• Hiring a babysitter
    Check out the Idaho Department of Health website for more information on selecting a babysitter.

Back to Top

Month 4

  • Learning to talk
    For information on the importance of talking to your baby visit the Scholastic website. This website provides suggestions for teaching baby new words and using "turn taking' when talking to baby.
  • Moving to a big bathtub
    The Health Square website provides advice on bathing your baby. This includes information on "what you should know" about tub bathing and "what you should do" when bathing baby.
  • New foods for baby: Starting solid foods
    For more information on introducing solid foods to baby check out the University of Nebraska website. It provides advice on when and how to add solid foods to your baby's diet, as well as suggestions for times to start various foods such as cereals, fruits, vegetables and meats.
  • Think twice about baby walkers
    For more information on the dangers of baby walkers consult the American Academy of Pediatrics website and the Child's Health website.

Back to Top

Month 5

  • Child guidance: Discipline and safety
    The American Academy of Pediatrics (AAP) website provides more advice on how to encourage good behavior. In addition, they provide a list of discipline strategies that work, as well as tips to make discipline more effective.
  • What is your baby like
    The Preventive Ounce provides an interactive website where you can fill out a temperament questionnaire on your baby. This will allow you to learn more about your child's temperament, what behaviors are "normal" for his/her temperament, and strategies for handling behaviors that are tailored to your child's temperament.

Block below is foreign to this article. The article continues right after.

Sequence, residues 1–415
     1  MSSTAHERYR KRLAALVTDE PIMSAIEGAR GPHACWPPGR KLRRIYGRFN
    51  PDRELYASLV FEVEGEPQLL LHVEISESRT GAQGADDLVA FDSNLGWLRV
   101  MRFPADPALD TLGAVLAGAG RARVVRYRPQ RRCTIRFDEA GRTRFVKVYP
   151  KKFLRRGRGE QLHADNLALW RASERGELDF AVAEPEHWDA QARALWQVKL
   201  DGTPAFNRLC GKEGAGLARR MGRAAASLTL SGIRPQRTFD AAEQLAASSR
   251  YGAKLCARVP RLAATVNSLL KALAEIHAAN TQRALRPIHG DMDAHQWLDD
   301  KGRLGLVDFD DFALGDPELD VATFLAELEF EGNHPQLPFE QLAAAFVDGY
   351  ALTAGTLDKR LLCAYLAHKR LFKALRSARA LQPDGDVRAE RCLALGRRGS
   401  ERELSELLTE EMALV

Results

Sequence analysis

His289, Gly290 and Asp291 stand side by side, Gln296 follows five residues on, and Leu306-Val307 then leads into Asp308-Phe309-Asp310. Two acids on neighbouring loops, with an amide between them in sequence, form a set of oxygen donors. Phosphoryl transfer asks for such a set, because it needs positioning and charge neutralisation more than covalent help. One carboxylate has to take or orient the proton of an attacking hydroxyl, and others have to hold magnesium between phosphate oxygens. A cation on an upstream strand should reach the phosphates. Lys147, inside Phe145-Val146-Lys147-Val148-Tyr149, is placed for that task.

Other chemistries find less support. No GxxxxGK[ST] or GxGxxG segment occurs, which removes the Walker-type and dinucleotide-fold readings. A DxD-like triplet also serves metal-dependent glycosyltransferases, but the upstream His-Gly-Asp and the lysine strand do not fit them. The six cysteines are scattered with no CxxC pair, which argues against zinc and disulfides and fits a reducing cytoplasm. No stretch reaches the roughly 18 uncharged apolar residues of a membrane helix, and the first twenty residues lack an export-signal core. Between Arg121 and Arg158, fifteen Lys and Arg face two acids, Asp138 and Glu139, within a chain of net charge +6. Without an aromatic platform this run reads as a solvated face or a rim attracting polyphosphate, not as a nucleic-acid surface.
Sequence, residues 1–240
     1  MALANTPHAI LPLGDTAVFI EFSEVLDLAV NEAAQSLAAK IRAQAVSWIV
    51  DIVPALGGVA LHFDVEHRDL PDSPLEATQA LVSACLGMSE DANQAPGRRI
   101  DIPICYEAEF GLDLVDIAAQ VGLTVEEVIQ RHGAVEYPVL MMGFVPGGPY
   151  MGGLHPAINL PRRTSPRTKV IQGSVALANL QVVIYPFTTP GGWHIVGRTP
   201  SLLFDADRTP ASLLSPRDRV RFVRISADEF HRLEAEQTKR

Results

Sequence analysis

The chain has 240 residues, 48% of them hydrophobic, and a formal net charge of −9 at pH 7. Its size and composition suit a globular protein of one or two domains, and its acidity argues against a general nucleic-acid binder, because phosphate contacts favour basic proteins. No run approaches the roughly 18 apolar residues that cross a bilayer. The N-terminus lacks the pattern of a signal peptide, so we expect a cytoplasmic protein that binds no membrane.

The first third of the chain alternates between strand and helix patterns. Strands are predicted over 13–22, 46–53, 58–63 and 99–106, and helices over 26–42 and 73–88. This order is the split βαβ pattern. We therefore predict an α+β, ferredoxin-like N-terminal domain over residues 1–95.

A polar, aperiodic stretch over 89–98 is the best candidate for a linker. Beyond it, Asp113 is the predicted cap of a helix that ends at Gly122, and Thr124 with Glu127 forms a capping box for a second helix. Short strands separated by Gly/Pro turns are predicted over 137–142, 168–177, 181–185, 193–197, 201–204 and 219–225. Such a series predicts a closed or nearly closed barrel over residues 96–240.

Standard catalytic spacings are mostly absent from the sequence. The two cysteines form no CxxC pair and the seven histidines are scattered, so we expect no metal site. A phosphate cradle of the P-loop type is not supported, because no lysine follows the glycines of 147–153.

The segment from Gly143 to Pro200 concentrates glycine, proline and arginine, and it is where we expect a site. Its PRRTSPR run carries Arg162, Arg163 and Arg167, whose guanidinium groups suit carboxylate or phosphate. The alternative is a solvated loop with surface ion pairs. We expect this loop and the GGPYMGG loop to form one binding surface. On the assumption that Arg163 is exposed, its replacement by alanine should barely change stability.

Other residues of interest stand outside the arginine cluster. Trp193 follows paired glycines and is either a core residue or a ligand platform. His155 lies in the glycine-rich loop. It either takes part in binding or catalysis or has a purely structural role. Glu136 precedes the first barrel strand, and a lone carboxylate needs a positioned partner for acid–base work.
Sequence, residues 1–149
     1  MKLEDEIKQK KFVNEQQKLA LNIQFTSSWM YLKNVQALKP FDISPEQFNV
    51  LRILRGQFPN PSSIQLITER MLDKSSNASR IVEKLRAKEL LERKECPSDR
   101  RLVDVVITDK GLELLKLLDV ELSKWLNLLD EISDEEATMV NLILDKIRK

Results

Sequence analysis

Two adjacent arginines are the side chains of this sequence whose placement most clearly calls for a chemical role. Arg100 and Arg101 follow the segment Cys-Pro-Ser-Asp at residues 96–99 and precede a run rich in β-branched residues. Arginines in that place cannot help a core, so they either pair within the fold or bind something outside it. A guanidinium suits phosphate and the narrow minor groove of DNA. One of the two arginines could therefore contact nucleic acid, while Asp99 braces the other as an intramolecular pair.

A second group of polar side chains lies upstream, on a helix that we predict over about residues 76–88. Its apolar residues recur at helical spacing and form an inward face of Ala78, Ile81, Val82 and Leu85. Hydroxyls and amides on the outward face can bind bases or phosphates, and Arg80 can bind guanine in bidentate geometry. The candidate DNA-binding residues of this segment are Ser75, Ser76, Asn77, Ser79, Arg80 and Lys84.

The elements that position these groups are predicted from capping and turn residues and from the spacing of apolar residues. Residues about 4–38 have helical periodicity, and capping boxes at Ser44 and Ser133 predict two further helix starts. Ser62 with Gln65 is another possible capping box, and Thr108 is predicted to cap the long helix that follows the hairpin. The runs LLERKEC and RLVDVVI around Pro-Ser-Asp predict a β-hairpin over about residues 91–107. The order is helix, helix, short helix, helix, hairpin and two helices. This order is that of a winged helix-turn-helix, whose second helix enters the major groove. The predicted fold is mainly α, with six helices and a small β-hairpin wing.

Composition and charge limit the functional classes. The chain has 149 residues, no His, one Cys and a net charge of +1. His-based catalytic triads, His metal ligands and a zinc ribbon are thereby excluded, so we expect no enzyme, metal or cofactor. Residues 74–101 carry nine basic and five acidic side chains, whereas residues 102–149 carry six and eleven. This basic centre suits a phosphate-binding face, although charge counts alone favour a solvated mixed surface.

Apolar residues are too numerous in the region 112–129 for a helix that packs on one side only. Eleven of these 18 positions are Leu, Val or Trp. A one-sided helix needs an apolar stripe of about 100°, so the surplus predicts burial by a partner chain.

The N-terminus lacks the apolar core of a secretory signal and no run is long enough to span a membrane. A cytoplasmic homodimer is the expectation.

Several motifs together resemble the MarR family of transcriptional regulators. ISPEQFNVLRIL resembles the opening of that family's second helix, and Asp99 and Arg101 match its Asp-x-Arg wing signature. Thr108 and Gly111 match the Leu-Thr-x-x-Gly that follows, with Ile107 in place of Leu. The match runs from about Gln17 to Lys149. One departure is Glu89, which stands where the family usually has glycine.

• Prevent lead poisoning
    For more information on lead at home check out the St. Paul Ramsey County Department of Public Health website. The Minnesota Department of Health website also provides answers to frequently asked questions about lead poisoning, such as,"How can I tell if my child has too much lead in his/her body?", "What can I do to prevent lead poisoning?" and "Is there a way to reduce high blood levels of lead?"
  • Babyproof your home
    The Consumer Products Safety Commission website provides 12 tips on childproofing your home.

Back to Top

Month 6

  • How baby is changing
    The American Academy of Pediatrics website provides more information on children's dental health including how to help children establish good dental habits. WebMD offers advice on teething, answering such questions as "When does teething typically start?", "In what order do baby teeth usually come in?", and "How can you help baby be more comfortable while teething?".
  • Child guidance: Discipline is teaching
    The American Academy of Pediatrics (AAP) website provides more advice on how to encourage good behavior. In addition, they provide a list of discipline strategies that work, as well as tips to make discipline more effective.
  • First aid for infant choking
    The Baby Center website provides guidelines for parents on choking prevention and first aid for infants. This includes information on how to figure out what is causing the problem, and how to do rescue breathing or CPR (including illustrations). They advise learning CPR and calling 911 in emergency situations.  The site also provides links to other pages with advice on how to reduce baby's risk of choking and foods to watch out for.
  • Hearing checklist
    For information on early hearing detection and intervention check out the Center for Disease Control website. This site provides answers to frequently asked questions (click on FAQ) about hearing detection and treatment options.  It also offers internet links to other organizations concerned with hearing screening and services for hearing impaired children and their families.
  • Baby's hearing
    The Kidshealth website provides more information on all your baby's senses - sight, hearing, taste, smell and touch. It also gives parents a list of warning signs that may indicate hearing or vision problems.

Back to Top

Month 7

  • Child guidance: Keeping calm
    The American Academy of Pediatrics (AAP) website provides more advice on how to encourage good behavior. In addition, they provide a list of discipline strategies that work, as well as tips to make discipline more effective.
  • Baby's eyes